While repairing a diseased aortic valve has many advantages (including the non-requirement of anti-coagulant medication, and absence of valve related morbidity), some valves are so badly diseased that a reparative procedure is simply not possible. The surgeon is left with no alternative but to remove it, and replace it with an alternative valve. The most widely used replacement device is the prosthetic heart valve. Others like the homograft and pulmonary autograft have become popular in recent times, and I will discuss them in the following weeks.

The first successful prosthetic aortic valve replacement was performed by Starr and Edwards in 1961, and this opened up a new era in heart surgery. Mechanical valves have evolved over time, with advances in engineering and bio-material technology helping to design very efficient devices. However, no man-made valve yet has equalled the efficiency and resilience of the natural valve.

Aortic replacement devices are one of three categories - ball and cage valve, single tilting disc valve and double leaflet valve. The ball and cage device (e.g. Starr-Edward model) was the fore-runner of all devices, and is still used widely. It has a silicon ball that moves like a poppet inside a metal cage. The single tilting disc valve (e.g. Medtronic-Hall model) has a disc that tilts to allow blood to flow across the valve, and then closes to prevent back-leak. The bi-leaflet valve (e.g.St.Jude Medical model) has two leaflets that move apart to permit blood flow and swing shut again.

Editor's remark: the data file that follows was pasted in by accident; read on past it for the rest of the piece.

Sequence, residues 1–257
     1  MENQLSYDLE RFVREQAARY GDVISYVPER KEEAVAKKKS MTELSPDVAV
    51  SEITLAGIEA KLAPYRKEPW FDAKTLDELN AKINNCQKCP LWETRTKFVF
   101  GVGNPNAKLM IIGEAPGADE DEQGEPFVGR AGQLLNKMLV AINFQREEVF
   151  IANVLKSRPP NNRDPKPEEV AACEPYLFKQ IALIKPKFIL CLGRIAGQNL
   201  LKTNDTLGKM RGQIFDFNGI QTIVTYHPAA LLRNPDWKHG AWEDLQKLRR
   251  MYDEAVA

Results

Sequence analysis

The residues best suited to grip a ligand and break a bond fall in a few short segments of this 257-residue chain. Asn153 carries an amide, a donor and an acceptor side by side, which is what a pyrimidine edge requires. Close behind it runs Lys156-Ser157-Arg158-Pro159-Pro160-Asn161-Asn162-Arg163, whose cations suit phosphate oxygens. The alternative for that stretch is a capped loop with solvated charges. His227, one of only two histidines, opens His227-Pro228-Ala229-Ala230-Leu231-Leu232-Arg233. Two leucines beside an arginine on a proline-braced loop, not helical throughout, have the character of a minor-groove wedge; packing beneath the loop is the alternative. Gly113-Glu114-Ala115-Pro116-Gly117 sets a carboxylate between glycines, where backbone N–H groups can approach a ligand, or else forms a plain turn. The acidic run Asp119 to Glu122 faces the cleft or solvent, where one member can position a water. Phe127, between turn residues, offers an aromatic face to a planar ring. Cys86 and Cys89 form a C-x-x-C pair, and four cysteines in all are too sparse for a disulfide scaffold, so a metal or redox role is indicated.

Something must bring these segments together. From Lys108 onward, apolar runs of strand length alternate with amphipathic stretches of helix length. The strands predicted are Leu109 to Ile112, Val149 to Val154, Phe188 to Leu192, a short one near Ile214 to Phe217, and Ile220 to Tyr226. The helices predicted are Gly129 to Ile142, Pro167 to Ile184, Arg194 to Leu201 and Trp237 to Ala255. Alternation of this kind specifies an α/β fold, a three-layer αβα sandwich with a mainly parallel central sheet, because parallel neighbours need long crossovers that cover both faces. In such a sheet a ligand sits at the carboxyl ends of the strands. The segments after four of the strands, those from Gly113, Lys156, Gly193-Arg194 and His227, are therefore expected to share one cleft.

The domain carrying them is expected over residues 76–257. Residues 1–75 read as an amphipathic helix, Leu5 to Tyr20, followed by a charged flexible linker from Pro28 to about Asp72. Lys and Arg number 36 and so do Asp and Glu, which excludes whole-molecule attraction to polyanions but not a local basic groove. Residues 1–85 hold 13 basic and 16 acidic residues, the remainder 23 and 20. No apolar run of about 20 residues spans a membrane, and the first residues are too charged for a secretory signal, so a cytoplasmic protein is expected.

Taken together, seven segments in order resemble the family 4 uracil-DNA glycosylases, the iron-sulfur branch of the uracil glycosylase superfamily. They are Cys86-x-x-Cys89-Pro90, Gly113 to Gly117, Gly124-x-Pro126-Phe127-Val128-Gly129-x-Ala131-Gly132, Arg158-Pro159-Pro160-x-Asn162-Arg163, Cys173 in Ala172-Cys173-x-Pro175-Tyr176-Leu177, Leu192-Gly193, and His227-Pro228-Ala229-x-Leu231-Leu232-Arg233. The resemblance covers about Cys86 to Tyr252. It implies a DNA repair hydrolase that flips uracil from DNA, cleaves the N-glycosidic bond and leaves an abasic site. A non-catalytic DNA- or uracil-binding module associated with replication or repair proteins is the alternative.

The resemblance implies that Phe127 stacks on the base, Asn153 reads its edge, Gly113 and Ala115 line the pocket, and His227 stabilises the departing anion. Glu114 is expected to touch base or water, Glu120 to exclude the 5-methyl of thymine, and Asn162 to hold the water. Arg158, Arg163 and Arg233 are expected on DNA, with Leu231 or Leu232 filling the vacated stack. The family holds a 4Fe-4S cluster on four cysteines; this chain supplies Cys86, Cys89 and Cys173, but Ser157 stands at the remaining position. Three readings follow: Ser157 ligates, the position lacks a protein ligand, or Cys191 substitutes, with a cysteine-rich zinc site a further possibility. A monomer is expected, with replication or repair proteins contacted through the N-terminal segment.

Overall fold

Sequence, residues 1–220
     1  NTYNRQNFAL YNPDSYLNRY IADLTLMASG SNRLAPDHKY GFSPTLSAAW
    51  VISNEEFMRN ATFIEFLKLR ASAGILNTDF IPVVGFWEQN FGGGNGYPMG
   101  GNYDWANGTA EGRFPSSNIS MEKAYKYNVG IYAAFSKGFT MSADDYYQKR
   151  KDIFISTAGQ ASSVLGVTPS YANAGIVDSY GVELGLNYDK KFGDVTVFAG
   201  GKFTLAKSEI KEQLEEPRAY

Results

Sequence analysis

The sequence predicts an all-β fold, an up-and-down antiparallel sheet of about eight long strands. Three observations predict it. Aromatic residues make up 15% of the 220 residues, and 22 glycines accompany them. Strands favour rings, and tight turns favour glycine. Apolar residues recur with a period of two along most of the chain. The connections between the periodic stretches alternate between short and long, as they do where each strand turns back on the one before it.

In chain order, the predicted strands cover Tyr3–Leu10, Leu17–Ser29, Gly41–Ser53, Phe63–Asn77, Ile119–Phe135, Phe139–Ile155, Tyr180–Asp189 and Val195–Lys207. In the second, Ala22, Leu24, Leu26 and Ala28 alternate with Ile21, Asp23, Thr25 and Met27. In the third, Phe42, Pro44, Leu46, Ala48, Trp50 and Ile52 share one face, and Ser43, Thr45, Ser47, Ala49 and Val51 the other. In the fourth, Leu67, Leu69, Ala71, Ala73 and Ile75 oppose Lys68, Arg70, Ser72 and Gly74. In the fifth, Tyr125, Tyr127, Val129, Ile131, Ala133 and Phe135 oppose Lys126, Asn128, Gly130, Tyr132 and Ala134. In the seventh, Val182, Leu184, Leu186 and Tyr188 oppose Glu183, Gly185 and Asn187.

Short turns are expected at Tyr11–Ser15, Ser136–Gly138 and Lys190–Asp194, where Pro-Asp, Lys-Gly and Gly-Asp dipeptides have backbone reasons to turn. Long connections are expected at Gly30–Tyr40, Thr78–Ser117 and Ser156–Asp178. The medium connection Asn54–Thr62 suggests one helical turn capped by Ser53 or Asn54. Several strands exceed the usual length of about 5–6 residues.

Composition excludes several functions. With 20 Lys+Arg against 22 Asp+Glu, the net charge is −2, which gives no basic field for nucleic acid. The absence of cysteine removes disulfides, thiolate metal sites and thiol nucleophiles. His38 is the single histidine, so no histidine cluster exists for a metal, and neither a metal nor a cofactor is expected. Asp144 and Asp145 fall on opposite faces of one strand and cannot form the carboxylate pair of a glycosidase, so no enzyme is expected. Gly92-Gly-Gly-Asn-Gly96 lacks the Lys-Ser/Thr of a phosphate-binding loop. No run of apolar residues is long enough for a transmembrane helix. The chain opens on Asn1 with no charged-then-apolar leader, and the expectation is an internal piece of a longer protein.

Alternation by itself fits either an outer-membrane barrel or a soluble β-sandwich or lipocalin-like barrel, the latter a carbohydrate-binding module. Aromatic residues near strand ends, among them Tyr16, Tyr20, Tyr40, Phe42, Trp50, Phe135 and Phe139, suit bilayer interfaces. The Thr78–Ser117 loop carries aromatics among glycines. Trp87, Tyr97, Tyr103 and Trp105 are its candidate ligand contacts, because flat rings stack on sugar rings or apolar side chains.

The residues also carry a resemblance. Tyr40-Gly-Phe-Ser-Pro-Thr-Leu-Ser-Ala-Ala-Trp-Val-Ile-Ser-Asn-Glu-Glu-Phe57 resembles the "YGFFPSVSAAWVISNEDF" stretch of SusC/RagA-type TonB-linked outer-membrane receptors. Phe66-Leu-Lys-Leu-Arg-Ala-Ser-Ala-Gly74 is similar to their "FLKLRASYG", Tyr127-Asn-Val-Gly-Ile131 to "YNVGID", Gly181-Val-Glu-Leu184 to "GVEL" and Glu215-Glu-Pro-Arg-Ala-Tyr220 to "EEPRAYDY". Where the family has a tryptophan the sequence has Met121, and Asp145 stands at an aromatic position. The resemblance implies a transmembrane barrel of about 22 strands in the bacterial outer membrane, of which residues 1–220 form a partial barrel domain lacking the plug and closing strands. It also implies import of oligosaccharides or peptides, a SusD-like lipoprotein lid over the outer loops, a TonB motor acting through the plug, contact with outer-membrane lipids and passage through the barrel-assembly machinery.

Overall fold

The operation to replace an aortic valve is an open-heart procedure, performed with the aid of a heart-lung machine. The native diseased valve is excised and the replacement device is sutured in its place using various techniques.

The efficiency of a replacement valve is judged by a number of factors. Hemodynamic performance, resistance to infection, hemolysis, thromboembolic complications and durability are but some of the concerns while choosing the most appropriate device.

By its very nature, prosthetic heart valves necessitate medication to prevent blood clots forming on the foreign surfaces. These medications, called anticoagulants or "blood thinners", must be taken life-long, and have their own side effects, and cause some morbidity.

Complications may occur after valve replacements too. A small risk of operative mortality still remains. In the long term too, patients with an artificial valve have a lesser life expectancy than healthy individuals, though the course is much better than the natural history of the disease. Thrombo-embolism (clot formation with bits breaking off and entering the blood stream into the brain), infective endocarditis, bleeding related to anticoagulant overdose, hemolysis (damage to blood cells due to contact with the artificial surface of the valve) and prosthetic dehiscence with para-valvular leak are some of the major complications.

In the next article on this section, I will discuss the role of the aortic homograft as a replacement device for aortic stenosis.